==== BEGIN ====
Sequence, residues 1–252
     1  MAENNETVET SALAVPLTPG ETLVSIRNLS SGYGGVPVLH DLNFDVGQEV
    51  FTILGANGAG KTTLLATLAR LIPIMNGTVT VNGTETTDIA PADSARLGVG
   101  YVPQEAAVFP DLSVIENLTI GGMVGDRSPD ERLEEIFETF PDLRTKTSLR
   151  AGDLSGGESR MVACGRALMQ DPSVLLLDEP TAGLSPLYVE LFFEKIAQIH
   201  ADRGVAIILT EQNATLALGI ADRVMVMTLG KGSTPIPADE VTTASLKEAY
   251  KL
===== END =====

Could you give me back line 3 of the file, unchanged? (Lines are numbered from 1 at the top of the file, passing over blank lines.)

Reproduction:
    51  FTILGANGAG KTTLLATLAR LIPIMNGTVT VNGTETTDIA PADSARLGVG